Likewise, Hooper needed to capitalize on the chance presented at RMV. Hooper has battled injuries since his last trip to Vegas in 2011 but has steadily climbed back into contention and came to San Juan ranked 16th, right on the bubble to return to the WNFR. Hooper had Comanchero of the Flying U Rodeo's string draw, the big buckskin who had helped Matt Bright share the win at RMV two years before.

It was a victory that almost didn't happen. When the gates cracked open, Comanchero burst from the chutes but stumbled badly and fell to the ground. With the re-ride option in play, Hooper asked the Flying U's Reno Rosser if he'd bring the big buckskin back for another try.

When Rosser agreed, the crowd hits its feet. Only moments later, Hooper and Comanchero danced again, this time with everyone staying on their feet and in the saddle. The judges awarded Hooper 85 points and the $8,954 pay check for the win.

Hooper moved from 16th to 11th.

Silcox was further behind than either Cooper or Hooper but the 2007 PRCA World Champion Bull Rider was definitely not out of the hunt as he bid for a seventh WNFR trip. Silcox was ranked 32nd on Aug. 18. The Utah cowboy was already putting together a big weekend after riding well at rodeos in Kennewick and Bremerton, Washington but he saved the biggest check for Sunday afternoon.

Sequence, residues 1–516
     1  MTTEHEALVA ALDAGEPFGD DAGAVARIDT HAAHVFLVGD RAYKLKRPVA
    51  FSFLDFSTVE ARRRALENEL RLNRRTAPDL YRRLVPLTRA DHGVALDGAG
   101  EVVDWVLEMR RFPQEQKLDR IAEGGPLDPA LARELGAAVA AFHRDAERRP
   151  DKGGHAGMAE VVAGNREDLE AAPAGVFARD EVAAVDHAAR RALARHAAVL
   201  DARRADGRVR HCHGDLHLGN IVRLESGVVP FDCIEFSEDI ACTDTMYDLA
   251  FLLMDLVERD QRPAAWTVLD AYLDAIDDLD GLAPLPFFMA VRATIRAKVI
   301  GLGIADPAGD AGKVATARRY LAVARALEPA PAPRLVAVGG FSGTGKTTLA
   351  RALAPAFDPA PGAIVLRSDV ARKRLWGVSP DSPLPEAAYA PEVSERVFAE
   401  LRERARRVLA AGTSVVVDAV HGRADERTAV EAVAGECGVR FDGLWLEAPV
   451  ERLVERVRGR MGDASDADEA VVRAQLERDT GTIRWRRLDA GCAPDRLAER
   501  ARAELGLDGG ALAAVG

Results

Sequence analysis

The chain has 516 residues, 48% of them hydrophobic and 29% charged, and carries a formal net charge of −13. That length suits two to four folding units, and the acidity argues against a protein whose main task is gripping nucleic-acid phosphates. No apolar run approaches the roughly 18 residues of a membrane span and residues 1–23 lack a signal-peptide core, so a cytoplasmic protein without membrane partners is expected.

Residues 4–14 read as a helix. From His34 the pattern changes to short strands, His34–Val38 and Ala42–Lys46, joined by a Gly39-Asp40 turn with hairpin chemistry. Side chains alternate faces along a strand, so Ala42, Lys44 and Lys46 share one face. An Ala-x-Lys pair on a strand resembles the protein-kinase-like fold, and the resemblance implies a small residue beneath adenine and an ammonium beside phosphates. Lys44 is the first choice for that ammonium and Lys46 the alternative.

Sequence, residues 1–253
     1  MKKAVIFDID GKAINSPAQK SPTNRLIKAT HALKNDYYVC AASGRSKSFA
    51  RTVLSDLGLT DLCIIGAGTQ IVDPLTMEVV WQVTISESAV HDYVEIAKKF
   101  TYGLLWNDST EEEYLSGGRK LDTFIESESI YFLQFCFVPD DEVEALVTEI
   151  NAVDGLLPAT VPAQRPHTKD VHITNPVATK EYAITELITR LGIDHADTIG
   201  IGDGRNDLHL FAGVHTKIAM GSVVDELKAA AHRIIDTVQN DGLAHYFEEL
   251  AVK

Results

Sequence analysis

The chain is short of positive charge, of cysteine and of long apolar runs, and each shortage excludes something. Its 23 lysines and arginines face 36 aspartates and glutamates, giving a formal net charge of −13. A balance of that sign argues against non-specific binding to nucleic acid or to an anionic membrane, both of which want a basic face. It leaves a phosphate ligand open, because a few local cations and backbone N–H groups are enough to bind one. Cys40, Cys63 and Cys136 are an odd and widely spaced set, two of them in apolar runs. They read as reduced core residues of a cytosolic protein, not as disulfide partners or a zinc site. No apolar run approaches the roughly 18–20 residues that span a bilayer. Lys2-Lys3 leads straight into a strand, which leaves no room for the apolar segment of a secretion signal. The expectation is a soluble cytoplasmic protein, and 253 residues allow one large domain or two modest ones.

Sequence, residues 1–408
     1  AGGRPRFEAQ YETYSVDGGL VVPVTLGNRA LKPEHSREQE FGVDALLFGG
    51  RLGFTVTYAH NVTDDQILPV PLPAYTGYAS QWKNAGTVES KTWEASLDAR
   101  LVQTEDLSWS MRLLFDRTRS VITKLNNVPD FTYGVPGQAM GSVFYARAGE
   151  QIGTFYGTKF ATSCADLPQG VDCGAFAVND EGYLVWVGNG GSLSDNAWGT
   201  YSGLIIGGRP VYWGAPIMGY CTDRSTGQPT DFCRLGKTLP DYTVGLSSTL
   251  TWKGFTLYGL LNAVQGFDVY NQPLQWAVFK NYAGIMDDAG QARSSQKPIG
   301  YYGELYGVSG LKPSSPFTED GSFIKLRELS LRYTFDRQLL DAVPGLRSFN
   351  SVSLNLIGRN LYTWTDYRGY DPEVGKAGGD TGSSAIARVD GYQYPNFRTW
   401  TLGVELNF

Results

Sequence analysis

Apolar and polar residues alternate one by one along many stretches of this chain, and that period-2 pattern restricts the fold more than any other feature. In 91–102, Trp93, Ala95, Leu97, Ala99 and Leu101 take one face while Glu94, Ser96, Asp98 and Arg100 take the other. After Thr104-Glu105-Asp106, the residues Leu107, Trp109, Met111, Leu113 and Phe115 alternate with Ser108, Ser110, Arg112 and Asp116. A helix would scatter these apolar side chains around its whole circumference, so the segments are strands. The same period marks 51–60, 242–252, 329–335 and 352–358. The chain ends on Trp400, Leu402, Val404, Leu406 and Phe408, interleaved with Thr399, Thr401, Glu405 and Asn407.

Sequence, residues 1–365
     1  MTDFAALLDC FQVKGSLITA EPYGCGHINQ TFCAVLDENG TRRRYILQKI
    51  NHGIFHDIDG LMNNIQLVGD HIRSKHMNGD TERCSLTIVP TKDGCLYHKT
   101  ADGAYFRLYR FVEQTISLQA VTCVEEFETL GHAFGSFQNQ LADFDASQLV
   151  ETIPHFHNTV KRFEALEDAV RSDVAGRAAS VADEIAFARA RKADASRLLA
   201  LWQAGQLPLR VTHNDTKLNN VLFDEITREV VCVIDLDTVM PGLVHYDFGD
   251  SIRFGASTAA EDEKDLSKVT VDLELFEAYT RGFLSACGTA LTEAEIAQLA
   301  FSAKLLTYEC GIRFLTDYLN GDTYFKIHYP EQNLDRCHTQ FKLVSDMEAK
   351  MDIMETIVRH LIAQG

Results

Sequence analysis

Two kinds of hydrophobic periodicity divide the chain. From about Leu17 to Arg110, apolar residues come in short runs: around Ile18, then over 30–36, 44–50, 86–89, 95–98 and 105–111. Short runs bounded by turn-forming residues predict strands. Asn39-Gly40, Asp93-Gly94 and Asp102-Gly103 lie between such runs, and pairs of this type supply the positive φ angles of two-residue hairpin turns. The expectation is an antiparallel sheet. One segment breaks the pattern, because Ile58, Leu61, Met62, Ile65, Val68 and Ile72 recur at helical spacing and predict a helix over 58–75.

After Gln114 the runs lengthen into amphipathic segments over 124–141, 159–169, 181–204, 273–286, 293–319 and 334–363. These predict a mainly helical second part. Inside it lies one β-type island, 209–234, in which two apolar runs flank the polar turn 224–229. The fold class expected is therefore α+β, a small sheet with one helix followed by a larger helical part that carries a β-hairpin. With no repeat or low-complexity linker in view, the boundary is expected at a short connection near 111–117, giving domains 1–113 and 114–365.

The champ went after his draw, Flying U's Wolf Deer, aggressively, spurring his way to the eight second whistle. His score of 83 points just clipped Aaron Pass and Brennon Eldred for the victory.

With $7,896 won at RMV, Silcox's weekend haul went over $13,000, shoving his name all the way to 21st. He trails the 15th ranked bull rider by just over $6,000 with five weeks remaining in the 2014 season.

Interestingly, both Hooper and Silcox are members of the Crown Royal Riders, a rodeo team sponsored by Crown Royal not only for individual reward but also to help earn money to benefit the Justin Cowboy Crisis Fund for injured riders.

Team ropers Aaron Tsinigine and Cole Davidson were in a similar position to RMV's other winners with one big difference: the two cowboys have yet to get to Las Vegas to compete in the WNFR. Tsinigine came close a year ago, finishing 17th despite winning RMV with Clay O'Brien Cooper.

Different partner, different year but same result. The Indian National Finals Rodeo Champ turned one to be fast again and Davidson cleaned up the heel end to stop the clock at 4.2 seconds. The cowboys won $6,572 apiece.

Tsinigine moved from 16th to 14th in the header's standings while Davidson jumped one spot from 17th to 16th.

In the steer wrestling and saddle bronc riding, the champions were on the opposite end of the season ending bubble. Trevor Knowles has led the steer wrestling standings for several weeks but opened that lead just a little wider with his 3.3 second run at RMV. He eclipsed the nearest bulldogger by half a second.

Knowles earned $5,295 and has cinched his 11th trip to Las Vegas. The only thing missing for the Oregon cowboy is a gold buckle as the World Champion.

Nebraska bronc rider Cort Scheer came to Southern Cal ranked fourth and left in the same spot, despite winning $7,868 after smoking the field with an incredible ride aboard Big Bend Rodeo's Shady Lady. Scheer did gather up World leader Taos Muncy a bit and now trails the two-time champion by just under $20,000.